NEW YORK -- Poverty is greatly overrated. So is what is construed as "just-folks" normalcy. Both conditions are heralded only by people who don't have access to lots of money.
In a word, Paris Hilton is right. It is better to be rich, even if you are not much of anything else. Money at least gives you the opportunity to try to become something better.
The theory is crass. But it is nonetheless true, as evidenced by anyone confronted with big medical bills, or a choice between driving an economy car or a 2008 Mercedes-Benz E550 sedan for a week.
Most of us would do what I and my associate, Ria Manglapus, did. We chose the E550. The choice was as logical to us as choosing a more expensive health insurance policy that covers nearly everything, as opposed to selecting one designed to leave a patient in lifelong penury.
If you have access to the best, you go for the best. We had access to the E550. We took it, drove it everywhere and didn't feel the least bit guilty.
But here, the term "best" requires more definition. We're not talking about "best" as in fastest, most powerful or in having the most precise handling. People coming to the E550 with those expectations will be a tad disappointed -- perhaps enough to suffer buyer's remorse, complicated by a severe case of BMW envy.
The E550 sedan, available with rear-wheel-drive or Mercedes-Benz's all-wheel-drive 4Matic system, is fast. But its forte is not the kind of racetrack speed and handling that makes aficionados of performance cars drool.
The E550 has power -- a 5.5-liter, 382-horsepower V-8. But it is more of a plush highway cruiser than a speedster. It is a pamper-mobile, an elegantly crafted work of supple leather and burl walnut veneer meant to isolate driver and passengers from the harsher realities of the outside world.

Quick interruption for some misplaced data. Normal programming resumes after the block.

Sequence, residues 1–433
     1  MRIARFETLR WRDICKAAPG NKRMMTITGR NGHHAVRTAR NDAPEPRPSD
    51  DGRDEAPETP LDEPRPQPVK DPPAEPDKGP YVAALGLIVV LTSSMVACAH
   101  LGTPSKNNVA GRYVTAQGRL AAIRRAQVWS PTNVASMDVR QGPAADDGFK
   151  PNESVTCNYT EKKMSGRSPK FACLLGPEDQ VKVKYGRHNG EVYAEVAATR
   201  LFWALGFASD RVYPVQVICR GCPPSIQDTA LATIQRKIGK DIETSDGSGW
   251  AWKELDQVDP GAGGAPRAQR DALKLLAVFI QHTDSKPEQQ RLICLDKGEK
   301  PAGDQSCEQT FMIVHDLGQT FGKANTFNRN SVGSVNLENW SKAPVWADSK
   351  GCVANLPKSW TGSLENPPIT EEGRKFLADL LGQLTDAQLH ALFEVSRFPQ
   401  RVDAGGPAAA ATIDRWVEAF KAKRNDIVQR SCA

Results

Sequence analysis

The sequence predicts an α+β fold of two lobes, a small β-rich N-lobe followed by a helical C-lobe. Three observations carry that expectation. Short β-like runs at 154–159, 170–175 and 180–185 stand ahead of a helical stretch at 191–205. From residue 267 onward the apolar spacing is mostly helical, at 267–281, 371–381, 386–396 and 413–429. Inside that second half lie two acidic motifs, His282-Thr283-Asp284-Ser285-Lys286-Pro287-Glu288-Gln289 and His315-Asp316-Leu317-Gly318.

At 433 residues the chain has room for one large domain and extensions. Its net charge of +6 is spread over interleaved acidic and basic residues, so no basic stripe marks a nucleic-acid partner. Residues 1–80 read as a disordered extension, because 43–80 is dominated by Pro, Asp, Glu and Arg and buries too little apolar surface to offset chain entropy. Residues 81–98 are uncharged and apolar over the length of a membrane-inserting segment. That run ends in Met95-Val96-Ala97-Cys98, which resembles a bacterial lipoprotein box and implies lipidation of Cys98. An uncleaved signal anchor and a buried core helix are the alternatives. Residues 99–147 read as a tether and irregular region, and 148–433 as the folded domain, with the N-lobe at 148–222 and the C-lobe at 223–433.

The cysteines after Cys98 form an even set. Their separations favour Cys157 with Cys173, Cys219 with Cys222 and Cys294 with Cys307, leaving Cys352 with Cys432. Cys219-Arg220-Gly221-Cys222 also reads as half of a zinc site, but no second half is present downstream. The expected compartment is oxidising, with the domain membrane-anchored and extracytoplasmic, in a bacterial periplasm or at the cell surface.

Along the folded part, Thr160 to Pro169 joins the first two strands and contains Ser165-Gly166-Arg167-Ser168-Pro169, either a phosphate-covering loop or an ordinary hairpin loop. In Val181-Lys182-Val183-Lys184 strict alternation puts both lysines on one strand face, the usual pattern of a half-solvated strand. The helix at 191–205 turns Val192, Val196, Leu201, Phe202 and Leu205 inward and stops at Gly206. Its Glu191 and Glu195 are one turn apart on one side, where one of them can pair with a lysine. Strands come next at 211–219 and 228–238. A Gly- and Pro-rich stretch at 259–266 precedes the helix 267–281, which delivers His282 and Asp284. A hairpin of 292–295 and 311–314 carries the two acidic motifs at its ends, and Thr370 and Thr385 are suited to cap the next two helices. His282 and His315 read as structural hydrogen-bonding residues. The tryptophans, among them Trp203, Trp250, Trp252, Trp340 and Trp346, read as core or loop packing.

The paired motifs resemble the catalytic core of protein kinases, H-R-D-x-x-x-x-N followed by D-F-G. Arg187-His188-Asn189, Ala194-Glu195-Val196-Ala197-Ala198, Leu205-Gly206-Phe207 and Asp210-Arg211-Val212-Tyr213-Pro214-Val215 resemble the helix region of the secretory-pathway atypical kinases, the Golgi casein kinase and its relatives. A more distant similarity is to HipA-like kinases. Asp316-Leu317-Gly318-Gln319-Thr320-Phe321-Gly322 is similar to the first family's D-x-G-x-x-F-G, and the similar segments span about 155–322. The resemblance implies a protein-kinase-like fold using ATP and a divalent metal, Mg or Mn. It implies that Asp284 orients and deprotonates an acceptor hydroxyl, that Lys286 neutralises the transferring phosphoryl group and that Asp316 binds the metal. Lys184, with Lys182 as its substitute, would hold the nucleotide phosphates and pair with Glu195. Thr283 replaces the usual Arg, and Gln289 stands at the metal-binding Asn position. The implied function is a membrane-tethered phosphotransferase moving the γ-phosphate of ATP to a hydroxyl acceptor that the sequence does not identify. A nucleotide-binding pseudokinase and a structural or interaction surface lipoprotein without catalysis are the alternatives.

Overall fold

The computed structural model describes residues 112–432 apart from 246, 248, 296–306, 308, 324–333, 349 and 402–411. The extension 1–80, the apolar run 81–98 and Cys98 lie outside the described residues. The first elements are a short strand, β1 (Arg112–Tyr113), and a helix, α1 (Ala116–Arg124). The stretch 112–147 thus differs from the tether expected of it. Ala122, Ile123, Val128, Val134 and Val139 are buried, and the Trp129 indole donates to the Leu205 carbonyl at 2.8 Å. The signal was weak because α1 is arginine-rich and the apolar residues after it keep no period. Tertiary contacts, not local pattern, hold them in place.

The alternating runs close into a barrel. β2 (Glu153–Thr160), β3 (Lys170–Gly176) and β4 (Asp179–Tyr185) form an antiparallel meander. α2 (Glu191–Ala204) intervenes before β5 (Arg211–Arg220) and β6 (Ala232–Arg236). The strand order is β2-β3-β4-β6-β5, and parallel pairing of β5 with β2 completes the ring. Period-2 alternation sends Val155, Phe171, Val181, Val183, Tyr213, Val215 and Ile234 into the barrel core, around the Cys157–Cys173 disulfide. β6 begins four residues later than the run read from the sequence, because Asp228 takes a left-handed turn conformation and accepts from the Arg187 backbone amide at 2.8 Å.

Climbing into the E550 is akin to walking through the doors of an exclusive condominium. Its sleekly designed exterior, accented by a wide, five-slot grille and other judicious brightwork, looks special. It makes you feel special. When ensconced in the womb of its rich interior, you feel safe for reasons having little to do with the car's many safety features.
It is an attitude, the notion that someone somewhere cared enough about an automobile to put it together, piece by piece, in such detailed, expert fashion. You get the idea that, maybe, the E550's makers also cared as much about the people the car would transport. It's a good feeling.
We only wish that Mercedes-Benz would stop confusing tradition with craftsmanship. The two are not the same. Craftsmanship speaks to the attitude of creation, the care invested in the thing made. Tradition speaks to the manner in which something is made -- how it is laid out, much like a living room in the front of the house or a master bedroom on the second floor.
In that regard, the Mercedes-Benz tradition of laying out its instrument panel, its gauges and levers, needs a critical update. As presented here, they are something of a counterintuitive, ergonomic disaster.
Ria put it best. "The cruise lever is too close to the signal lever." she said. "Whenever I pull the signal lever, I find myself going on cruise."
Can Mercedes-Benz give us a better arrangement? We think so. We believe the company can give us a completely modern instrument panel without destroying what its long line of E-Class cars are all about: excellent craftsmanship, comfort, safety, good road performance and reasonable fuel efficiency, and the feeling that, at least when you are behind the wheel, it is very, very good to be rich.
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